Two important cultural events happened last night. One, the actor, writer, singer, rapper Donald Glover (Childish Gambino) released the video for his new track "This Is America" while hosting Saturday Night Live; and, two, Glover's role in the Saturday Night Live skit "A Kanye Place," a spoof on the box office hit A Quiet Place. The two are connected.
The music video, which Hiro Murai—a Japanese director who has worked with Glover and other cutting-edge black musicians—directed, addresses the state of black America today. Unchecked or unpunished police brutality, mindless materialism, mass shootings, and the hyper-commodification of black creativity and black forms of joy, the large profits of which almost never return to the producers. Glover's whole body and manner of movement recalls that of Charlie Chaplin's, in that Glover seems to be receiving shocks from his black-hating and money-mad society. (The theorist Susan Buck-Morss described this kind of movement as a “mimetic shock absorber.”) This is a body that can feel no rest in America; it's constantly agitated: "This is America/don't catch you slipping..."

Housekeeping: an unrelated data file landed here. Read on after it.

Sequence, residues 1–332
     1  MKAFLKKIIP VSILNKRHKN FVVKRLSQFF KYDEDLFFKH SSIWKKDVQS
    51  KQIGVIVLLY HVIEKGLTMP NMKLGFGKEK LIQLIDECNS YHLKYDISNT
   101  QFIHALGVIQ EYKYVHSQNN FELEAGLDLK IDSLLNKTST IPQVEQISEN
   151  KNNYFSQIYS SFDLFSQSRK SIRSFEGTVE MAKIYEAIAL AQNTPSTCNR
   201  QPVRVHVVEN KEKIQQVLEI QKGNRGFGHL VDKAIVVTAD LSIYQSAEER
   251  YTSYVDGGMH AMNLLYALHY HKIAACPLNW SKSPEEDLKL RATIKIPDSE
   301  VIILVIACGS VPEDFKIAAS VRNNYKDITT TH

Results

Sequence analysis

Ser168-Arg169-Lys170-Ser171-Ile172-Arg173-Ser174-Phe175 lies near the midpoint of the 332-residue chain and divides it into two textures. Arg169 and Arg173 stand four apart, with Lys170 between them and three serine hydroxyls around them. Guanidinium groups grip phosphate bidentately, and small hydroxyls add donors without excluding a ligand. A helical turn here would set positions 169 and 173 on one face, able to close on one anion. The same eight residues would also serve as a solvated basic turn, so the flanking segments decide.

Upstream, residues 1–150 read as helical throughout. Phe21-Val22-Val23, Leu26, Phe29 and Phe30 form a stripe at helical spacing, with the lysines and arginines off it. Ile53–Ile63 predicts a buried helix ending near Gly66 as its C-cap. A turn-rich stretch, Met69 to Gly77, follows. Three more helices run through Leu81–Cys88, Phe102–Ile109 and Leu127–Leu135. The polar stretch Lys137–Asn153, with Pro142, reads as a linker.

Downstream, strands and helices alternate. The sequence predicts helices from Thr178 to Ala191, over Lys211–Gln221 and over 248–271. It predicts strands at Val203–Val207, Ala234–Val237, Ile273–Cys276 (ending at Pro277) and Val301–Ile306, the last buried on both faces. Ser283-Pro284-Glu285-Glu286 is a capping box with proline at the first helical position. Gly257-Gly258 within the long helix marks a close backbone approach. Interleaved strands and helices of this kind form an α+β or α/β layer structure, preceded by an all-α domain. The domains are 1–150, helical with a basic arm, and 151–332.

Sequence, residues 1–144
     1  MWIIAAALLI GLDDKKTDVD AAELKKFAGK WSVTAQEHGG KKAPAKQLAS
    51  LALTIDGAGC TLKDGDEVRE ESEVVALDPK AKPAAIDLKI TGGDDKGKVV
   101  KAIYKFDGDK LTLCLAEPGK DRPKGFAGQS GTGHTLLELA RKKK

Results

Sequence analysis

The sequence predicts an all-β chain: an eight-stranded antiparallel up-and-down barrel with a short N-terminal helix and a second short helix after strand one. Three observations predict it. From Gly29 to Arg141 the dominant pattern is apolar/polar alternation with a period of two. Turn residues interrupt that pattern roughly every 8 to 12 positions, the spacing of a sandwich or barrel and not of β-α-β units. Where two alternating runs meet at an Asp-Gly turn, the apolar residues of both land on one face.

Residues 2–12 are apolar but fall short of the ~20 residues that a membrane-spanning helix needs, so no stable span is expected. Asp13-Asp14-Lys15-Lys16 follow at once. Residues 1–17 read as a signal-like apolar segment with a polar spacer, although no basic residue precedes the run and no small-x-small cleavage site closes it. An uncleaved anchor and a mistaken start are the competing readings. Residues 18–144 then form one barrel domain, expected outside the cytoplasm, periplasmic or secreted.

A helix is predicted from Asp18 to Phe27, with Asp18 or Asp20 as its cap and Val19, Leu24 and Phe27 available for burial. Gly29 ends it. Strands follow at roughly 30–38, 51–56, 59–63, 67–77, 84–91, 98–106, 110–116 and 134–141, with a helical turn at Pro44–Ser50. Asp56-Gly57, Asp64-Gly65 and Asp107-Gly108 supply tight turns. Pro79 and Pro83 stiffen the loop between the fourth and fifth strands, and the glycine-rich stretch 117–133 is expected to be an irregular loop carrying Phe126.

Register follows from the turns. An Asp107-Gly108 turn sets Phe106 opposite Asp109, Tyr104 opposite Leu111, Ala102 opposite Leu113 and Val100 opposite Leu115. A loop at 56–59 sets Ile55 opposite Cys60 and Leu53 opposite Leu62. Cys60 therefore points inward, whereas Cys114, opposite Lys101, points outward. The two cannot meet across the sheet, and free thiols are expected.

The SNL skit, of course, shows that the end of Kanye's surprise support of Trump is to make him a part of what appears to be the only game in town, Trump TV. This show currently dominates two major cable news networks, CNN and MSNBC. It has made a rock star of Rachel Maddow. The purpose of Trump TV is to mop up as much attention as possible. And if one sees the show in this truer light, there's no way one can say it has been a failure. Far from it. Few shows in our age are as spectacular as Trump TV. Indeed, a whole labor revolution in Red States has been missed by the American public because of this 24-hour show. And that's the point of "A Kanye Place." Americans can't focus on things that matter, and this constant state of distraction has made their democracy vulnerable.
In the "This Is America" video, there is no distraction. What is important isn't only in the background but also in the foreground. One must match Glover's words with the ever-changing expressions of his face and body. His message is simple: this shit was here before and, the way things are heading, will still be here after the end of Trump TV.